Monday, March 14, 2005

 
March 14th, 1965

Kevin Brown Born

If Curt Flood's fate in history is to be a footnote in the players' efforts to free themselves from the Reserve Clause, Kevin Brown's will likely be as a footnote in the player's ultimate success as free agents. While Alex Rodriguez holds the all-time contract record (and is unlikely to lose it in the near future), Kevin Brown was the first player to sign a contract for a total value of over one hundred million. On the heels of helping to pitch both the 1997 Marlins and 1998 Padres to the World Series (and the Marlins to victory of course), while averaging nearly two hundred and fifty innings without topping a 2.69 ERA, the Dodgers gave Brown a generous seven year, one hundred five million dollar contract, good for an average of fifteen million a year. Brown also received a collection of generous perks, including a box at Dodger Stadium and flights for himself and his family back to his Georgia home from LA.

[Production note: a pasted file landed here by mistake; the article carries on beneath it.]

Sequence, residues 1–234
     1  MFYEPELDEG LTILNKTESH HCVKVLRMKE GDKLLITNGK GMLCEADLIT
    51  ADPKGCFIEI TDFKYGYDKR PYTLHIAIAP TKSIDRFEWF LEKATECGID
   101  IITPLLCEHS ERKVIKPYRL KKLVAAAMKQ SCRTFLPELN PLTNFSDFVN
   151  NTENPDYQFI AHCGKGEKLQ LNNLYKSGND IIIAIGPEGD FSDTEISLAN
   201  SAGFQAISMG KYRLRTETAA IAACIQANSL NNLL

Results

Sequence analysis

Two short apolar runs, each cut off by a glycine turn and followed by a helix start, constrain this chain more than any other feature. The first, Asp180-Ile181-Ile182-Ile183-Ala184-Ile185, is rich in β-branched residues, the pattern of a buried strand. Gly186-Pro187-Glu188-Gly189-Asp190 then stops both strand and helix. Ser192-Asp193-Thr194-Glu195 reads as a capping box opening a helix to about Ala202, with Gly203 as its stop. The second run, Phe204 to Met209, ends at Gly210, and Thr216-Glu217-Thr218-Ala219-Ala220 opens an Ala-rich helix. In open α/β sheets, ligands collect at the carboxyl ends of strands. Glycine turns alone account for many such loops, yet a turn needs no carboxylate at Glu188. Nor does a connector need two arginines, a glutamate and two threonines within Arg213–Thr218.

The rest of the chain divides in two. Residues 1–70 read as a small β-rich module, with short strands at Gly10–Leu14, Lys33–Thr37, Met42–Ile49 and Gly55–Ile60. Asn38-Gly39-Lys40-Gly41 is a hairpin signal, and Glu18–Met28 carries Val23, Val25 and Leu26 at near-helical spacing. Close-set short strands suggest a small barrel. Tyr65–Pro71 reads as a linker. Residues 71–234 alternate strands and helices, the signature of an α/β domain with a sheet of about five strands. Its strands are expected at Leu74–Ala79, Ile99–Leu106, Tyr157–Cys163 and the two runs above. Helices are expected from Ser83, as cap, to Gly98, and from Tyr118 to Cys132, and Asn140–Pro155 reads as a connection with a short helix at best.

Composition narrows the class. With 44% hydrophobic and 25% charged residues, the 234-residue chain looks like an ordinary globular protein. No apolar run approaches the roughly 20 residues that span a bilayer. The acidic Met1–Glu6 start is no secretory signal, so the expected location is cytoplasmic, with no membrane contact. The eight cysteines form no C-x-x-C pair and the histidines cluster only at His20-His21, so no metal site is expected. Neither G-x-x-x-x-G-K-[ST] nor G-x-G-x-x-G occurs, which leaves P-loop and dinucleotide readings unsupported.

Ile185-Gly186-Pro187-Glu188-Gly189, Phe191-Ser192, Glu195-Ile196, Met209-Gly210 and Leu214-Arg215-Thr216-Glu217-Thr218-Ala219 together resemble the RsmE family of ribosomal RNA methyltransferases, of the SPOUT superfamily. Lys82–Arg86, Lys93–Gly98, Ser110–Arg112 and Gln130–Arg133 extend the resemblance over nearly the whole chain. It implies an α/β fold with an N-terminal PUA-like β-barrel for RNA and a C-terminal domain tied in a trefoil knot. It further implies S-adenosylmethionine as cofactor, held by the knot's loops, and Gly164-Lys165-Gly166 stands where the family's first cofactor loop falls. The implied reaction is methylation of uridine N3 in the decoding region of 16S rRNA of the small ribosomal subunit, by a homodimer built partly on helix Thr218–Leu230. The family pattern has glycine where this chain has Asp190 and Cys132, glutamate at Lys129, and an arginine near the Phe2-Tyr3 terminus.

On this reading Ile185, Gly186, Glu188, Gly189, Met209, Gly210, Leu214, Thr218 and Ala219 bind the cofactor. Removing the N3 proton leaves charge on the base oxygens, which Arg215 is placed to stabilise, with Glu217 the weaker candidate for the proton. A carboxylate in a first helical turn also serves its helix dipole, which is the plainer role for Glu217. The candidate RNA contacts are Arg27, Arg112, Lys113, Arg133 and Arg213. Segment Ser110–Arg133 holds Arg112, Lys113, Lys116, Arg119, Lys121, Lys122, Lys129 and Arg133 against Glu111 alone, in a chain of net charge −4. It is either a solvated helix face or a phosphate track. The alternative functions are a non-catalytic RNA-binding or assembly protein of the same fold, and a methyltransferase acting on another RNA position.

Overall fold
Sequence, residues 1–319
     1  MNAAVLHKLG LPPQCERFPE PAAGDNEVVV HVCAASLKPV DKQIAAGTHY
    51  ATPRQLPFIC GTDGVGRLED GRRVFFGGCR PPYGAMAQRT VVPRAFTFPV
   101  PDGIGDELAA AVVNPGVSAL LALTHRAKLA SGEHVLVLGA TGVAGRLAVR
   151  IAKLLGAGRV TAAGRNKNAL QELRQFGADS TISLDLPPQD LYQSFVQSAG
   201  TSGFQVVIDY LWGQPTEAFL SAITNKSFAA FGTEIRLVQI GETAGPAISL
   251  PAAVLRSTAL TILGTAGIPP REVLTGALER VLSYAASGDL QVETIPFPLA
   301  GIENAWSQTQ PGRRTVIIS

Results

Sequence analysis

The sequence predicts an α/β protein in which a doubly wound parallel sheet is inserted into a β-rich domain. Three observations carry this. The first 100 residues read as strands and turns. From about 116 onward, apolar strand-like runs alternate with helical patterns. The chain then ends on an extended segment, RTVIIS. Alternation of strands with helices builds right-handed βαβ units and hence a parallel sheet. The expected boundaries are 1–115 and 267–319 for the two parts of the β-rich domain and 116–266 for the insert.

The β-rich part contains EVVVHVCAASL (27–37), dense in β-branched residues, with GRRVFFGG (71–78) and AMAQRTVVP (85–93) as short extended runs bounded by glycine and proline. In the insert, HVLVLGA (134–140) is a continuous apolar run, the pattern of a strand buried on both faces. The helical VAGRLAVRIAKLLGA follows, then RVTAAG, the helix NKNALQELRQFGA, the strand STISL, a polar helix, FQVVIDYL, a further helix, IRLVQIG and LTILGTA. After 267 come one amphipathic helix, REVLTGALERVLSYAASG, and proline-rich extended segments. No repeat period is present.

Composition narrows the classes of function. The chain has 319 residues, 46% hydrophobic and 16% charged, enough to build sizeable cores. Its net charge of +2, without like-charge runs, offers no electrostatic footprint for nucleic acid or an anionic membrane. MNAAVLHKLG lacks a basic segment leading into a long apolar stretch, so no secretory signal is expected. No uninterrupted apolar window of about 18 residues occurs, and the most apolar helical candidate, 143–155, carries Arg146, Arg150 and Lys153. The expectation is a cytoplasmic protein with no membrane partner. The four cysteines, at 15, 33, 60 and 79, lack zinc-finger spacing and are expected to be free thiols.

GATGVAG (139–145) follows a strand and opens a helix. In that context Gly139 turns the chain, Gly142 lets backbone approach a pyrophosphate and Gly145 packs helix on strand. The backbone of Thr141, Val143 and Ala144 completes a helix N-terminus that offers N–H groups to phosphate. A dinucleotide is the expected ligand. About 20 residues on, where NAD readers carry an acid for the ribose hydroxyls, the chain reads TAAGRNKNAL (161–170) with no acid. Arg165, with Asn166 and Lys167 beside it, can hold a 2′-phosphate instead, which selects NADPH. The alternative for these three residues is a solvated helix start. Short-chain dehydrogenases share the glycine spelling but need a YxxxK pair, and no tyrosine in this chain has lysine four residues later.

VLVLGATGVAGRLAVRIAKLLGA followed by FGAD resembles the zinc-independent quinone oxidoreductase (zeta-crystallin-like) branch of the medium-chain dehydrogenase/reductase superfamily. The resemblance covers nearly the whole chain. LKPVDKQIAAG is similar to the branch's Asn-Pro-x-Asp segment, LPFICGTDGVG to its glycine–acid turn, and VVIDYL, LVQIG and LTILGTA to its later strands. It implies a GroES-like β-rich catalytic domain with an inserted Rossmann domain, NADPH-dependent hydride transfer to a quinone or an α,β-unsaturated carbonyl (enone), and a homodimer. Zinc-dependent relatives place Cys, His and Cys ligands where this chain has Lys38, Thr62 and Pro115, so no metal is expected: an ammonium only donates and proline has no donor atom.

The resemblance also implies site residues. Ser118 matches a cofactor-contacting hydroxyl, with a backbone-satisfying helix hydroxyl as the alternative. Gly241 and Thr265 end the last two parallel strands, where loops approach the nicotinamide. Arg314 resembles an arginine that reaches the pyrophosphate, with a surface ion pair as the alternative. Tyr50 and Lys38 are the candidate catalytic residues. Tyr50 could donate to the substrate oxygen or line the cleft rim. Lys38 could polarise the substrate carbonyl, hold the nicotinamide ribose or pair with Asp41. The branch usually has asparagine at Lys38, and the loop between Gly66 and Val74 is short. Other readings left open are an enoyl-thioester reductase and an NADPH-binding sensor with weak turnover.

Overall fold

Although he did not pitch the Dodgers into the World Series, or even the playoffs, Brown's first two years at Chavez Ravine featured low ERAs and high innings pitched totals. However, in 2001 Brown injured himself and despite repeated surgeries and a trade to the Yankees, has ended up as yet another piece in the ever-growing collection of evidence that pitchers and long contracts are a bad combination. Despite this, Brown shares with Curt Flood immortality as a historical footnote (although Flood's case is obviously the more self-sacrificing of the two) in the ongoing battle between players and owners.





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